Piñata unsurprisingly reaffirmed that Freddie Gibbs and Madlib were a formidable duo. A little less predictable was that it took them to a new commercial level -- number 39 on the Billboard 200, easily the highest position claimed by a Madlib Invazion release -- and brought about a major-label deal through RCA. Five years after the triumph, the two return with Bandana. It's based on a bounty of beats Madlib crafted on an iPad and offered to Kanye West, who opted to use only one, heard on the gold-certified "No More Parties in LA." Gibbs claimed what was left, put in his work, and then met with Madlib to fine-tune it all. The result is an LP more rounded and more stirring than the excellent first one. Gibbs' ability to cover a tremendous amount of lyrical ground with minimal evident exertion, whether in first or fifth gear, is writ large. He's equally convincing regarding struggles and triumphs, palpably dispirited as he wrecks his family with unfaithfulness and drug dependency, almost distressingly brazen as he brags about converting his mother's residence into a narcotics distribution channel. An abundance of sexist swashbuckling language is nearly drowned out by a multitude of variably coarse broadsides directed at white forces of oppression, from the Atlantic slave trade to 45 and those in his administration, in addition to some less obvious targets. Gibbs is probably the only rapper on wax to declare "F*ck the 40 acres and the mule" (preceding a list of what his people received instead) and criticize 40 Acres and a Mule (specifically Spike Lee, for his depiction of Malcolm X). For all the debate Madlib stirred up by divulging his use of a tablet without any of the analog equipment on which he built his reputation, it's doubtless that these beats are among the producer's headiest, deep and detailed. They're creatively threaded with a head-spinning array of samples raiding popular and obscure soul and funk, reggae, Hindi thriller soundtracks, and even broken beat (shout to DJ Rels). Singular proof that these artists should continue to collaborate is "Cataracts," where a lovestruck mid-'70s R&B truffle is slightly accelerated to suit a defiantly exultant Gibbs. He and Madlib somehow make "F*ckin' up this bad food, fast food, gettin' fat" sound like the only way to truly live.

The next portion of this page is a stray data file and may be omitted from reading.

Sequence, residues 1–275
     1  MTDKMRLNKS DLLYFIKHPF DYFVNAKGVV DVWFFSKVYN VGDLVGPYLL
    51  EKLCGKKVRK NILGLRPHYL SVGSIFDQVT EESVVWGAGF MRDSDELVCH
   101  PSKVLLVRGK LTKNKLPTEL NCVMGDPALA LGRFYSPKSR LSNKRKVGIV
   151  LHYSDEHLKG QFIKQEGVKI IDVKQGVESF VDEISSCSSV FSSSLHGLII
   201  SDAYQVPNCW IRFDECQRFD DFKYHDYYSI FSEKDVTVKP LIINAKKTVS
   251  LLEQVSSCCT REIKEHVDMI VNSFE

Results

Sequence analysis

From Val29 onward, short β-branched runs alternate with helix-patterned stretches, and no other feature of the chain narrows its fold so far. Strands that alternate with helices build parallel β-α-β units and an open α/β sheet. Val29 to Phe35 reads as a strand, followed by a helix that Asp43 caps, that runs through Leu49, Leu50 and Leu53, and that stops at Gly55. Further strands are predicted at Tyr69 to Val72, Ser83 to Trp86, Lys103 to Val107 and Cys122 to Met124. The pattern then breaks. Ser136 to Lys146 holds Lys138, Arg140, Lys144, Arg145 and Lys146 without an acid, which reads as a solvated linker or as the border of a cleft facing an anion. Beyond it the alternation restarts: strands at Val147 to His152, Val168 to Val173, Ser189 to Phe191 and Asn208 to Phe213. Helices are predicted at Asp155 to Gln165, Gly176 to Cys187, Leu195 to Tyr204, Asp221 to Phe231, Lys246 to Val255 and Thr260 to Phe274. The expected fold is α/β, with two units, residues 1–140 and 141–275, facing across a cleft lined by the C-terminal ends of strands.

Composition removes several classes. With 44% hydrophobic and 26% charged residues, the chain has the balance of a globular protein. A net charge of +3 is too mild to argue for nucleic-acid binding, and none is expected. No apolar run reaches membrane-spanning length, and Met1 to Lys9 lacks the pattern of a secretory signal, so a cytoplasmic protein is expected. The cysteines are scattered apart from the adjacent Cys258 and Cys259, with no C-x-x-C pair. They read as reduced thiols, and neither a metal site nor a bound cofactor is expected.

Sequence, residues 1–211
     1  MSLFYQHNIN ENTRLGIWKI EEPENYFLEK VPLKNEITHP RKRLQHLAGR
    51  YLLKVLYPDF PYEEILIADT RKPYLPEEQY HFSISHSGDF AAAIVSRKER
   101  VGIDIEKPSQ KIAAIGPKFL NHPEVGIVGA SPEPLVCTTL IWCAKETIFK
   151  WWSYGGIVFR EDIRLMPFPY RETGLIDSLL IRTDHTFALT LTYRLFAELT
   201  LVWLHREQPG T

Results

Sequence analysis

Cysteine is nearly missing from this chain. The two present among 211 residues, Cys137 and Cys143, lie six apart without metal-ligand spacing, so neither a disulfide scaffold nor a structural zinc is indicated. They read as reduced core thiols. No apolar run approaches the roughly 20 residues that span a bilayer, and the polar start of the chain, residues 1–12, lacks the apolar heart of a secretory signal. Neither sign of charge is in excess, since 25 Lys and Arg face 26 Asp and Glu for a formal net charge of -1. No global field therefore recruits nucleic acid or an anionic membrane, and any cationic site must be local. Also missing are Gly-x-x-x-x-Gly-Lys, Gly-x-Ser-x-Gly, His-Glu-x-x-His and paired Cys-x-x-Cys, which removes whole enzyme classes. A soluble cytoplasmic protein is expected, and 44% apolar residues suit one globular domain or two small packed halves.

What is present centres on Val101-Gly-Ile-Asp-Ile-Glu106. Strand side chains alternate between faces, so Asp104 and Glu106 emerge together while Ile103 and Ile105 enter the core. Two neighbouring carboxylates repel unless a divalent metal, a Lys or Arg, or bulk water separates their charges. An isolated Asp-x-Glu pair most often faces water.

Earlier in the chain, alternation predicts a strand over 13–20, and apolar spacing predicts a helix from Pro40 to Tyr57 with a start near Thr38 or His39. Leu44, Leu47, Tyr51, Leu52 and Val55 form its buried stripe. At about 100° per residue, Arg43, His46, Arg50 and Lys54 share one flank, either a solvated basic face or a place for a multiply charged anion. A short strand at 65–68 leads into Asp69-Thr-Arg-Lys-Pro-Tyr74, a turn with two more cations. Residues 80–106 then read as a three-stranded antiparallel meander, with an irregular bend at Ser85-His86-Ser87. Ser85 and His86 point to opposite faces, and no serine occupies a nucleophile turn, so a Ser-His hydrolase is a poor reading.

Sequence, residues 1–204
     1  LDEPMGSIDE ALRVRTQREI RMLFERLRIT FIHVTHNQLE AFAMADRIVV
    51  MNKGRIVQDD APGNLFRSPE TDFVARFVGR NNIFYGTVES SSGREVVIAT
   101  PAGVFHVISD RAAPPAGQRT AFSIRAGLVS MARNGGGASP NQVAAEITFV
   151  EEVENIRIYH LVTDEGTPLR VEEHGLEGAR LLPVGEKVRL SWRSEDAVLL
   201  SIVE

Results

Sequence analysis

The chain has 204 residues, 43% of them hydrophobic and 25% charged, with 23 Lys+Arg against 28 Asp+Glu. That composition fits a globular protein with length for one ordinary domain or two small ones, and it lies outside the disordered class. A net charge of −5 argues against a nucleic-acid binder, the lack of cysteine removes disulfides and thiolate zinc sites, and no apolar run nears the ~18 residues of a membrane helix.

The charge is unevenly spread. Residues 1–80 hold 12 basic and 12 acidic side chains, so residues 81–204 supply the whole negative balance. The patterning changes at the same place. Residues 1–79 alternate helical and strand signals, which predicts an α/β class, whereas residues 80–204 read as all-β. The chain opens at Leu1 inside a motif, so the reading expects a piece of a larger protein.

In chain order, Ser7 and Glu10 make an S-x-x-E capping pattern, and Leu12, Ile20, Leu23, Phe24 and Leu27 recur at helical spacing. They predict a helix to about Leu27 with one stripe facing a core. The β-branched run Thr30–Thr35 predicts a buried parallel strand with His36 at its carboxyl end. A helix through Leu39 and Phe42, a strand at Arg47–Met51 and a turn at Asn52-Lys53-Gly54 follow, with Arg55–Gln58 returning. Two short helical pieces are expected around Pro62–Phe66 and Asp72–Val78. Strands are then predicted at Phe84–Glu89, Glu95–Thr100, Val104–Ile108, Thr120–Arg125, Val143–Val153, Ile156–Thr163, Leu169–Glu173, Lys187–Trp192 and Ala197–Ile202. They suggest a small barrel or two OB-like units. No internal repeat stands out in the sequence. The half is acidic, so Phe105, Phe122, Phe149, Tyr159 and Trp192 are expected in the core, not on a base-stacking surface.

AllMusic Review by Andy Kellman